‘If you find the subject of food to be both vexing and transfixing, you’ll love What She Ate’ Elle
Did you know that Eleanor Roosevelt dished up Eggs Mexican (a concoction of rice, fried eggs, and bananas) in the White House?
Or that Helen Gurley Brown’s commitment to ‘having it all’ meant dining on supersized portions of diet gelatine?
In the irresistible What She Ate, Laura Shapiro examines the plates, recipe books and shopping trolleys of six extraordinary women, from Dorothy Wordsworth to Eva Braun.
Delving into diaries, newspaper articles, cook books and more, Shapiro casts a different light on the usual narratives of women’s lives. Finding meaning in every morsel, and looking through the lens of their attitudes towards food, she masterfully reveals the love and rage, desire and denial, need and pleasure, behind six remarkable appetites.
Reviews of What She Ate: Six Remarkable Women and the Food That Tells Their Stories
- ‘In this joyful examination of six women’s lives in food, Shapiro sets out to excavate the minutiae of domestic routines for insights into the connection between mental state and menu … Always entertaining and brimming with enticing small details, from an image of Roosevelt scrambling eggs at the table in a dinner-party performance piece, to Pym noticing that Philip Larkin refused Brie at lunch.’ Francesca Wade, Financial Times
- ‘A bounteous and elegant feast for hungry minds’ BookList, (starred review)
- ‘If you find the subject of food to be both vexing and transfixing, you’ll love What She Ate’ Elle
- ‘What She Ate is a culinary and historical delight. Feast on it slowly so as not to miss a crumb’ BookPage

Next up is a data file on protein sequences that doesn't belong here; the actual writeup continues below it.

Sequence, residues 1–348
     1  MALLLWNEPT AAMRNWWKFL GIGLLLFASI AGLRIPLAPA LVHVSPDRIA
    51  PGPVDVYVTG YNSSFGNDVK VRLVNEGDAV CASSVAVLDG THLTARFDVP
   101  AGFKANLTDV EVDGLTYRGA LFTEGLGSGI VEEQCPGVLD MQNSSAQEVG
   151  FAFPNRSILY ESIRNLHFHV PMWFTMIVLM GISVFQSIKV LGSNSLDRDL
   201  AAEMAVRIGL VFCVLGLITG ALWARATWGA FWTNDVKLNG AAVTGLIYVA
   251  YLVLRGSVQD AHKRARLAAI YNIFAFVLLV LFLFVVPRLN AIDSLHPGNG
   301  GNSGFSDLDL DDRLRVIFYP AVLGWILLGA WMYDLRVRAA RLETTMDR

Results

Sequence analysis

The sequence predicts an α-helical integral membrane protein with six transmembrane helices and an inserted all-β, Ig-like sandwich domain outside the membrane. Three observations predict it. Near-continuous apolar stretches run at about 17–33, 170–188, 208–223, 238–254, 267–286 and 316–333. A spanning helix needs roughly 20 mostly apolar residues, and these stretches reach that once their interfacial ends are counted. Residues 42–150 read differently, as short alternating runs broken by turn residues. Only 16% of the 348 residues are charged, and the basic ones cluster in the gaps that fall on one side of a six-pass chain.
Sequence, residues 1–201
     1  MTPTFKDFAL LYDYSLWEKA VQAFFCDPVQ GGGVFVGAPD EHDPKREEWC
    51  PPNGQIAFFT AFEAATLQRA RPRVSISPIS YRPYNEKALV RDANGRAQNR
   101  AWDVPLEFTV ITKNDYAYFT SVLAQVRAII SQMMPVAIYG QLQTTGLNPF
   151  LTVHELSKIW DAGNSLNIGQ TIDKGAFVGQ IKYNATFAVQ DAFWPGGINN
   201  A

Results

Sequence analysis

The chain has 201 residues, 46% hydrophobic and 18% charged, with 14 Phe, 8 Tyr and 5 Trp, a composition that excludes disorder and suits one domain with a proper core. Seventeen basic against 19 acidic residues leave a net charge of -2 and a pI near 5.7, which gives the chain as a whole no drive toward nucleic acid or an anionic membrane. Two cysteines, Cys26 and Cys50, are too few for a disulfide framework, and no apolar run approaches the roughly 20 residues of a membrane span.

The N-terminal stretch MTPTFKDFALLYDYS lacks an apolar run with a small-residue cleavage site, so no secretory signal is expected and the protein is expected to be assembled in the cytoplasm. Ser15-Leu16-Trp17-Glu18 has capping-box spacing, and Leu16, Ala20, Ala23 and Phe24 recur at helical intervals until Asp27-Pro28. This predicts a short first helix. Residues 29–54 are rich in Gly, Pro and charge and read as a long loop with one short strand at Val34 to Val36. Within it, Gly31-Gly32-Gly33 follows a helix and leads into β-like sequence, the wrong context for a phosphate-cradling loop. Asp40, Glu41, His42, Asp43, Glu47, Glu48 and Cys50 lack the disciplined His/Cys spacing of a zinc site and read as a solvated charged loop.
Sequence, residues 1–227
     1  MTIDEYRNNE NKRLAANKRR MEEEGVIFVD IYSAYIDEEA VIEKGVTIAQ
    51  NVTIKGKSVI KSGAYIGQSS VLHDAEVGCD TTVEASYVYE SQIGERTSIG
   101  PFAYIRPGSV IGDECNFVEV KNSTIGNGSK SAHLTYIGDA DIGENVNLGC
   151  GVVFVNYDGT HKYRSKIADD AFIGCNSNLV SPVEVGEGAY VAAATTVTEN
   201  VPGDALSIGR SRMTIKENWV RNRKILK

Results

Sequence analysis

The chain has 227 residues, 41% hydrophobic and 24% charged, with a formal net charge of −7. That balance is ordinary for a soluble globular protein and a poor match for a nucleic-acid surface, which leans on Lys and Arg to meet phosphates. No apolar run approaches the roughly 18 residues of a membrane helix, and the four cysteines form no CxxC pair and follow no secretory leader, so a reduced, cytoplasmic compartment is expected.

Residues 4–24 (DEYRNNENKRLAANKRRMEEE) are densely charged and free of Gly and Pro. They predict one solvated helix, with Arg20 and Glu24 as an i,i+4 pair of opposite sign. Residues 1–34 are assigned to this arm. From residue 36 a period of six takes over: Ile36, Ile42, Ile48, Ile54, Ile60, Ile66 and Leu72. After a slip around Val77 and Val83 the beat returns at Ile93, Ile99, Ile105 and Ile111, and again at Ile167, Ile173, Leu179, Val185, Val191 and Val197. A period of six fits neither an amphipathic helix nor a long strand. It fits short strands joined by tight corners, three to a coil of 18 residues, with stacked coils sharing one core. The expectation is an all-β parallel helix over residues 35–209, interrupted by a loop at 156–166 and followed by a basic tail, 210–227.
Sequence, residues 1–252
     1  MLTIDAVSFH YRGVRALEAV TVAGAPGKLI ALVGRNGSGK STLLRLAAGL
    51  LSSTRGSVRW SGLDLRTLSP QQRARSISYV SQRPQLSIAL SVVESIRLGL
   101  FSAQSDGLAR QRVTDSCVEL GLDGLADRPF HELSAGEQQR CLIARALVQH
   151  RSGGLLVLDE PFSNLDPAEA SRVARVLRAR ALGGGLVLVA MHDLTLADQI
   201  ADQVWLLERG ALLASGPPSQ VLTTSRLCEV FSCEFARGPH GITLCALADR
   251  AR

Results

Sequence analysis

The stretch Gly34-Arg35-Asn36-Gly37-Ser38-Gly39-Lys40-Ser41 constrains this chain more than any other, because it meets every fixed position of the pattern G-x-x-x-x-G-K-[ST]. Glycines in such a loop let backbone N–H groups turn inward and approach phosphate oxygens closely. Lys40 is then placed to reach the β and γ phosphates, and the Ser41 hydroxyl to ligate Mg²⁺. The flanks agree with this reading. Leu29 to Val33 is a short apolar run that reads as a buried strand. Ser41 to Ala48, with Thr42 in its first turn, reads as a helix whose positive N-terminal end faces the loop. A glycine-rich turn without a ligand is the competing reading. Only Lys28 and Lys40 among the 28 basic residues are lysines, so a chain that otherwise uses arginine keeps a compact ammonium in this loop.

- ‘I devoured the book in one sitting’ Washington Post
- ‘Fascinating’ Wall Street Journal
- ‘A deliciously satisfying read’ Chicago Tribune
- ‘Fascinating. Shapiro, like a consummate maître d’, sets down plate after plate and an amazing thing happens: Slowly the more familiar accounts of each of the women’s lives recede and other, messier narratives emerge. How lucky for us readers that Shapiro has been listening so perceptively for decades to the language of food.’ NPR
- ‘A collection of deft portraits in which food supplies an added facet to the whole.What She Ate redeems the whole sentimental, self-indulgent genre of food writing’ Slate
- ‘A unique and delectable work’ Kirkus
- ‘What She Ate establishes Laura Shapiro as the founder of a delectable new literary genre: the culinary biography. A richly satisfying volume’ Megan Marshall
- ‘I wolfed down this wonderful account of the eating lives and habits of six notable and very diverse women … Shapiro … writes both engagingly and a trifle wryly’ Bookseller
- ‘Riveting. Shapiro reveals with wit and irony so much that is fascinating and unknown. What She Ate is both menu degustation and grand banquet’ Claudia Roden